2023 Physics Department Chairs Conference

June 12-14, 2023
American Center for Physics, College Park, MD

The American Physical Society and American Association of Physics Teachers invite you to attend the Physics Department Chairs Conference 2023, being held on June 12-14, 2023.

Designed by chairs, for chairs, the program will feature extended discussions and additional opportunities for networking on the topics you prioritize.

Funds are available to cover travel and registration fees for participants from minority-serving institutions. Email the Chairs Conference team for details.

Hotel Reservations

The room block for the 2023 Physics Department Chairs Conference has now closed. Discounted housing rates for attendees are no longer available. Rooms can still be at reserved for the standard rate at the Cambria Hotel College Park, located at 8321 Baltimore Avenue, College Park, MD.

Sponsors & Organizers

This event is sponsored by the American Physical Society and the American Association of Physics Teachers.

This event is organized by the following Steering Committee members: Kenneth Barish (UC Riverside), Marty Baylor (Carleton), Bob Hilborn (American Association of Physics Teachers), Marie Lopez del Puerto (University of St. Thomas), Doug Petkie (Worcester Polytechnic Institute), Steve Rolston ( University of Maryland), Michael Wittmann (American Physical Society).

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Monday, June 12

Time (ET) Session
9:00 - 11:00 a.m.

P1. New Chairs Workshop

The New Chairs Workshop is designed for “new” (or relatively “new”) physics department chairs who would like to learn about frameworks for being an effective chair. The Workshop will focus on best practices gathered from previous New Chairs Workshops and Physics Chairs Conferences, including the APS/AAPT EP3 Guide’s Section on “How to be an effective chair.” Small breakout sessions will allow participants to join in peer-to-peer discussions of scenarios of situations that most chairs will need to deal with.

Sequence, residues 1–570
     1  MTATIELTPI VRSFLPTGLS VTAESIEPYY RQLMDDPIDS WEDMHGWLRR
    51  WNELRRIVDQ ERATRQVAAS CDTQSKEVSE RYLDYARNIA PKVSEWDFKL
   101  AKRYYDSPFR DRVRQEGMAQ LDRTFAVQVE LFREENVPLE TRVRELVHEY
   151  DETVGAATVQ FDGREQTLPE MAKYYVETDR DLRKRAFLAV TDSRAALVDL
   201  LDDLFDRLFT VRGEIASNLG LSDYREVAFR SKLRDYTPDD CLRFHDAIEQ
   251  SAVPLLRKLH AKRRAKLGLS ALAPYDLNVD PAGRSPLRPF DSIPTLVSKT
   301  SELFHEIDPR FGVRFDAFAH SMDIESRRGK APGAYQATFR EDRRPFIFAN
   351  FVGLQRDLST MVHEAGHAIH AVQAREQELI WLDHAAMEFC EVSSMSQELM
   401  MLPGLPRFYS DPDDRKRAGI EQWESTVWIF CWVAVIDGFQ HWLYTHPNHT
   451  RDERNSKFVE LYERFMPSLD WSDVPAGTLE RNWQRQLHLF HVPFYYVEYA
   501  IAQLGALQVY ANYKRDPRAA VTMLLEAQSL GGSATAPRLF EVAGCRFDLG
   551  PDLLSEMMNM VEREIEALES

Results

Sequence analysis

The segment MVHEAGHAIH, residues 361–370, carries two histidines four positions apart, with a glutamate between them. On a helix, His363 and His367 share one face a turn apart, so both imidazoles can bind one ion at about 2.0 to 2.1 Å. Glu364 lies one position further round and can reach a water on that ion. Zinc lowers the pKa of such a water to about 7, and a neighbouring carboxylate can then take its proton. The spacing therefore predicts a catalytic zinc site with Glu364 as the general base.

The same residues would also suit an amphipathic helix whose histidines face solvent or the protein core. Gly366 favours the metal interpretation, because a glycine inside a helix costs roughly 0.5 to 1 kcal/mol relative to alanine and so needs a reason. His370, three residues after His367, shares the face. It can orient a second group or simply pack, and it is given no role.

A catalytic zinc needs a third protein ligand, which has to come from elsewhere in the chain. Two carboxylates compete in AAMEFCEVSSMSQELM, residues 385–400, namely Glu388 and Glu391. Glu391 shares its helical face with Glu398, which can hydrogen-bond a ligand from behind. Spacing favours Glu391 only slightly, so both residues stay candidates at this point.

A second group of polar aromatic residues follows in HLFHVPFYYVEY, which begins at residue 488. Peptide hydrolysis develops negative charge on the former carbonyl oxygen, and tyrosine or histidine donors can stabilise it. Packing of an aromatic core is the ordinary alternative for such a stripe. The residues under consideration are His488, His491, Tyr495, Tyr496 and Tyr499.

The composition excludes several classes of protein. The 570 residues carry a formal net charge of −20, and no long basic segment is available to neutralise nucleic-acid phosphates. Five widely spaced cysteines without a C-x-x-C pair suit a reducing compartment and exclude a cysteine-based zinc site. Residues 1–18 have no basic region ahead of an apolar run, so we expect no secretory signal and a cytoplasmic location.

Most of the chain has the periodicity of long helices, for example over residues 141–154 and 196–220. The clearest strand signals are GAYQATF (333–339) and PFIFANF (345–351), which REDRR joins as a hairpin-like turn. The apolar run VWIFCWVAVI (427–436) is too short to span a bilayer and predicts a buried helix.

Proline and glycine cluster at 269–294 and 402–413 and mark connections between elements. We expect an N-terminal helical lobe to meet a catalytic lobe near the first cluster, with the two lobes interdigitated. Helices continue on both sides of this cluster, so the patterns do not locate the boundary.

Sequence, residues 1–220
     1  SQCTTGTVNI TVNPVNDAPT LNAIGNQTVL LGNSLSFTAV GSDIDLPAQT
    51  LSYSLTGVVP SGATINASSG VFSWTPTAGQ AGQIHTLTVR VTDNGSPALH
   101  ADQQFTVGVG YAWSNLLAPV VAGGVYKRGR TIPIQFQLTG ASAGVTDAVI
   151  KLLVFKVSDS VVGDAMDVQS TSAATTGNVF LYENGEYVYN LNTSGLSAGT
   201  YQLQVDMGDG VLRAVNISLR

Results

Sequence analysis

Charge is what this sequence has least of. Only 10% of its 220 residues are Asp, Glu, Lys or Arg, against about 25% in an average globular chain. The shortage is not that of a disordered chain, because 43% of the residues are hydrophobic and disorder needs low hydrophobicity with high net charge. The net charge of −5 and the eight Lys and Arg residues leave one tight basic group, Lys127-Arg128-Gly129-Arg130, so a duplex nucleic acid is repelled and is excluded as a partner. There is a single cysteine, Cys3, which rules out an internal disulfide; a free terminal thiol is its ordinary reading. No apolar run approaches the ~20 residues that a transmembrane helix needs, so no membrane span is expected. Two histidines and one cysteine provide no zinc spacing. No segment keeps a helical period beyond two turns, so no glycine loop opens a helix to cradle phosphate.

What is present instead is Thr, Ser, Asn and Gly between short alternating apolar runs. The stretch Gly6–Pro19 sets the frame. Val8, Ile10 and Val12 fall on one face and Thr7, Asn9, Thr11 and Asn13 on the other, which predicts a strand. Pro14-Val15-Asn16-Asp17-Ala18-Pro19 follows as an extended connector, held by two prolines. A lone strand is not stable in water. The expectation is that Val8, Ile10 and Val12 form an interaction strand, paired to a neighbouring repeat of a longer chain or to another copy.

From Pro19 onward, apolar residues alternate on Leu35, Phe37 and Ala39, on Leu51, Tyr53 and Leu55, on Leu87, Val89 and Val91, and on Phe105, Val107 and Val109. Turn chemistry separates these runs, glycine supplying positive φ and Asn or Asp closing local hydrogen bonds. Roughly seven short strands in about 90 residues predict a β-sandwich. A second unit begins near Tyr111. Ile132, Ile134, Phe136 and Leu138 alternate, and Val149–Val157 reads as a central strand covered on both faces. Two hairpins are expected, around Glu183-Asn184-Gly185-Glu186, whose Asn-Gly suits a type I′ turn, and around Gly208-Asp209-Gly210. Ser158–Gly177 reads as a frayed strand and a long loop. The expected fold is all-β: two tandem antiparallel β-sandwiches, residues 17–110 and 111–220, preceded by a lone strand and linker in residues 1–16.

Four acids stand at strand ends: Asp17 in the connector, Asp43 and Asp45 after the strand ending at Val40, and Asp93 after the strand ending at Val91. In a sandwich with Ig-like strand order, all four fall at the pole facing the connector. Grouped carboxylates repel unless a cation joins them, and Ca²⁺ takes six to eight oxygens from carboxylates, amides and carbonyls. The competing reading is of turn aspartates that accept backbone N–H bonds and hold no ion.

11:00 a.m. - 1:00 p.m.

Lunch on your own

1:00 - 1:30 p.m.

P2. Welcome and Overview

1:30 - 3:00 p.m.

P3. Multi-dimensional Teaching Evaluation

Session Chair: Gabriela Weaver, University of Massachusetts Amherst

The session will share emerging best practices from the TEval Project and give participants the opportunity to reflect on how teaching evaluation practices in their own setting might be improved, as well as to share any efforts they have made in this area.

3:00 - 3:30 p.m. Coffee break
3:30 - 5:00 p.m.

P4. Improving enrollment in the undergraduate physics program

Speaker: Michael Jackson - New Mexico Institute of Technology

Following a brief overview of the EP3 Guide, participants in this workshop will be provided information (e.g., graduation rates and other student data) on a physics department at a fictitious institution "Stellar University" for which they serve as an external consultant (e.g., external program reviewer). With this information, participants speculate about the issues facing this department, in part by considering their own experiences. Participants will gain experience in using the cycle of reflection and action outlined in the EP3 guide and learn how the EP3 guide could be used to identify potential strategies that may be helpful for this fictitious department to consider (or perhaps their own department). Note: this is a highly abbreviated version of a half-day workshop that is currently under development.

5:00 - 5:30 p.m.

P5. Wrap Up

6:30 p.m.

Dinner on your own

Tuesday, June 13

Time (ET) Session
8:00 - 8:45 a.m.


8:30 - 9:00 a.m.

Welcome and Overview Day 2


  • James Taylor, Ph.D., AIP, Chief Federation Officer
9:00 - 10:00 a.m.

P6. “Building an Ecology of Student Wellbeing”

Speaker: Rachel Smith - Iowa State

The last several years in particular have taken a toll on students and the institutional personnel who support them. In this session, I will share what we have learned from studies of undergraduate and graduate students’ experiences in terms of how to better facilitate their success in the classroom and on campus. Suggested strategies will focus on the people, practices, and policies that make up students’ support networks and inform their educational sense-making.

10:00 - 10:30 a.m.

Coffee Break

10:30a - 11:30 a.m.